Which Oscar’s Best Picture winner(s) are great for repeat viewings?

Three more days until Oscar time! I was going to publish my Oscar chatter post on my winner picks vs. predictions on the major categories, but allow me to digress. I had an email conversation earlier today with a colleague/friend of mine and she confessed how The Hurt Locker is not something she’d enjoy watching because she finds war movies really depressing. Then another colleague who might be going to see Precious with her friends told me she was a bit reluctant about it after reading about how some scenes might be too painful to watch. This is the same colleague who couldn’t keep her eyes open during A Serious Man last weekend. All three of those movies I mentioned are up for Oscar this year, which begs the question: are the Academy Best Picture nominees the kind of films that are really enjoyable to watch? What I mean by ‘enjoyable’ is that they’re the kind of flix that don’t make your skin crawl or depress/bore the heck out of you that you actually don’t mind, or even look forward to, watching them again.

Looking back at some of the older movies that won Best Picture, the Academy is notorious for nominating ‘powerful’ movies that aren’t necessarily ‘entertaining.’ For me, there are only a handful of past winners that I actually enjoy watching them over and over again: Gone with the Wind (1939), Ben Hur (1959), My Fair Lady (1964), and The Sound of Music (1965).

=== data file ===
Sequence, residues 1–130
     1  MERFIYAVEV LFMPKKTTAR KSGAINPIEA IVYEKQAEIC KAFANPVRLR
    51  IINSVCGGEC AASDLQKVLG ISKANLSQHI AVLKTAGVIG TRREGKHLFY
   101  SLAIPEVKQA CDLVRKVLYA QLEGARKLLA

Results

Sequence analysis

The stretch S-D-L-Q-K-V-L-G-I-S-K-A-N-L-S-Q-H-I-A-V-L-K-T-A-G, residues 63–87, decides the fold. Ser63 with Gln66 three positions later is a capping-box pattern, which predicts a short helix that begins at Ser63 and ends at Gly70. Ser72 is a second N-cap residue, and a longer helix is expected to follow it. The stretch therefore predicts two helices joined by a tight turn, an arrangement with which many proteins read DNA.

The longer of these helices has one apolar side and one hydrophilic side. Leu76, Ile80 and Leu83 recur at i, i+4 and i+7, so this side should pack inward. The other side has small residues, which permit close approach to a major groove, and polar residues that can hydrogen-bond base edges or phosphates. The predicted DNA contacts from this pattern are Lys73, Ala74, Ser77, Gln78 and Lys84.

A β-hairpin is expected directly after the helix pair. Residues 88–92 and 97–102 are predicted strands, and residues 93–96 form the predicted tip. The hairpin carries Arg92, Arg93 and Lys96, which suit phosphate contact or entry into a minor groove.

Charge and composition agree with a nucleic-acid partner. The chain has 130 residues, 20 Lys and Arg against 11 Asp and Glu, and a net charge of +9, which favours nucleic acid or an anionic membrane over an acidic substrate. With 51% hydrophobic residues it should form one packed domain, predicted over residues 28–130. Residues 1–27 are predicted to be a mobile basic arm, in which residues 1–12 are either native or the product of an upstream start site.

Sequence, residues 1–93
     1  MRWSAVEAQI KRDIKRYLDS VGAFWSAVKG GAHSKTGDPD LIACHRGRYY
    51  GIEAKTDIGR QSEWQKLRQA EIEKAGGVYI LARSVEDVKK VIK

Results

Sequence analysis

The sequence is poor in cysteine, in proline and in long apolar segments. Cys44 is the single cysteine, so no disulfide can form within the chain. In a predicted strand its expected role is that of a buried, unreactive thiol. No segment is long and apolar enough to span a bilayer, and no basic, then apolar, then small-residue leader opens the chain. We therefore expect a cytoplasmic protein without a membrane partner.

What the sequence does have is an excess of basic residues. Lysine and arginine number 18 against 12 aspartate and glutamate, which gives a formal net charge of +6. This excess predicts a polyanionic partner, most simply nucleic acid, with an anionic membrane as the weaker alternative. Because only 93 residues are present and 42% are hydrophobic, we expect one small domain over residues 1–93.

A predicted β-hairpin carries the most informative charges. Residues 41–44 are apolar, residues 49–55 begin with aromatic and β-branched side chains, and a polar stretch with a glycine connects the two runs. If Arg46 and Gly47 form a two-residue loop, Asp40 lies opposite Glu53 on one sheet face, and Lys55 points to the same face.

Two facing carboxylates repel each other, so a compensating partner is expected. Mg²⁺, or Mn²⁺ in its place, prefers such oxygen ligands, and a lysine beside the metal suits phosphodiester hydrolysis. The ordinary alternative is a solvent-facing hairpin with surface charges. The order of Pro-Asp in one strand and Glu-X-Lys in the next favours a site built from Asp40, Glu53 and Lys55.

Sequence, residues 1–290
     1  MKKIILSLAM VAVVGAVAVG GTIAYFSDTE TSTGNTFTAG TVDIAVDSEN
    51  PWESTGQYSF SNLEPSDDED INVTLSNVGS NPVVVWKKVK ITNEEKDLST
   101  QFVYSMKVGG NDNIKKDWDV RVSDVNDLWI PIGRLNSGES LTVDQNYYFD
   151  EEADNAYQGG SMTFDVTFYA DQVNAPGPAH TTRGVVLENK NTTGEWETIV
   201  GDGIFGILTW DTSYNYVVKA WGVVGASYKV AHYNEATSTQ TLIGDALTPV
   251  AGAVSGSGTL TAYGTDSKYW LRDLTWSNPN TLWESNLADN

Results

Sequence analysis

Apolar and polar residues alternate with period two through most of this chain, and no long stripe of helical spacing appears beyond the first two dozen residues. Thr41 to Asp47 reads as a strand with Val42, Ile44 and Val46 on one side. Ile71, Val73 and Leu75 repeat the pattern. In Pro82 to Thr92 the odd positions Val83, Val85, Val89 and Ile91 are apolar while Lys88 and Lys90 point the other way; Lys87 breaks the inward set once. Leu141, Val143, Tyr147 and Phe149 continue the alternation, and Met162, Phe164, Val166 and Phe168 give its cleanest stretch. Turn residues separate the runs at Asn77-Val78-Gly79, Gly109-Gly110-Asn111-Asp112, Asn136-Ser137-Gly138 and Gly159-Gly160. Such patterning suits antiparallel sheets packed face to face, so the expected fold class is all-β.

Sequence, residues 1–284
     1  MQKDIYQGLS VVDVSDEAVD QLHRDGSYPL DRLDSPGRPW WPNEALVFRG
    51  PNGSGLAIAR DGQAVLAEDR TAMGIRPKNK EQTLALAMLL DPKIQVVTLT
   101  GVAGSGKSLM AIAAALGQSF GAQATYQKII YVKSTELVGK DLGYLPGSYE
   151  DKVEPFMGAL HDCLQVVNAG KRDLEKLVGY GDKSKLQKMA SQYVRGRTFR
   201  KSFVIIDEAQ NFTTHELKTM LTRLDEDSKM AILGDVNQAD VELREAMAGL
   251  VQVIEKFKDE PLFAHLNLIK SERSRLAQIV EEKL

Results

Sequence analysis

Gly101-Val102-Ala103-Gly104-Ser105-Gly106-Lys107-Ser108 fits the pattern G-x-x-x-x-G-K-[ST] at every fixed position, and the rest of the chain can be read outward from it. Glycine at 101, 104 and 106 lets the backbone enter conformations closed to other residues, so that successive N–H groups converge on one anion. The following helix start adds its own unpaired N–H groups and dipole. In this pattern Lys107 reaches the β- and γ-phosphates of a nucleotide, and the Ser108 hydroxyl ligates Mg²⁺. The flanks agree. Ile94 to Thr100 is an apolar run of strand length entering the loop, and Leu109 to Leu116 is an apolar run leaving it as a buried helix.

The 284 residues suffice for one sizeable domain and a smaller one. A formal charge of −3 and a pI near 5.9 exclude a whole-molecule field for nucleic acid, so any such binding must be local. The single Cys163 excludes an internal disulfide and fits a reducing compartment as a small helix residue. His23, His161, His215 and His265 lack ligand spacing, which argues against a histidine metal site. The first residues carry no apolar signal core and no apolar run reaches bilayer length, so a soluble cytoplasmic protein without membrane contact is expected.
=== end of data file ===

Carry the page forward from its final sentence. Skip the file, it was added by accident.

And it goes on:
But amongst the contemporary best picture winners (let’s just say those released in the 80s up until now), I only count Gladiator (2000) and The Lord of the Rings: The Return of the King (2003) as those I can definitely re-watch again, in fact I have all of the dvds in my collection. I’m sure The Godfather (1972), Rocky (1976) or Titanic (1997) are popular picks in that category. As for the rest, either I don’t have interest in seeing them or they fall in the category of ‘great movies one would only watch once’ because they’re just too overwhelming, disturbing, emotional or a combination of all three. So for me, those would be something like Schindler’s List, The Last Emperor, Braveheart, and The Silence of the Lambs. They’re all worth-watching but I don’t think I can bear watching ’em again.

Of the ten nominees this year, three of them I wouldn’t mind watching again: Inglourious Basterds, District 9 and Avatar (which in fact I have watched twice!). You know how I feel about The Hurt Locker, so suffice to say no repeat viewing on that one for me.

Anyway, how about you, readers? Please do share which previous Best Picture winners you could really watch over and over again, or which one(s) fall under the ‘great movies you’d watch only once’ category.

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15 thoughts on “Which Oscar’s Best Picture winner(s) are great for repeat viewings?

  1. Samantha

    Looking at the list, some of my faves: Gigi (1958), Amadeus (1984), Shakespeare in Love (1998), and Chicago (2002). Not counting, of course, the four you pictured, plus Gladiator, of course. As a matter of fact, in a smaller DVD collection, I own 7 of those 9 … I think that your list and mine would probably get a lot bigger if we included films that were nominated, but did not win.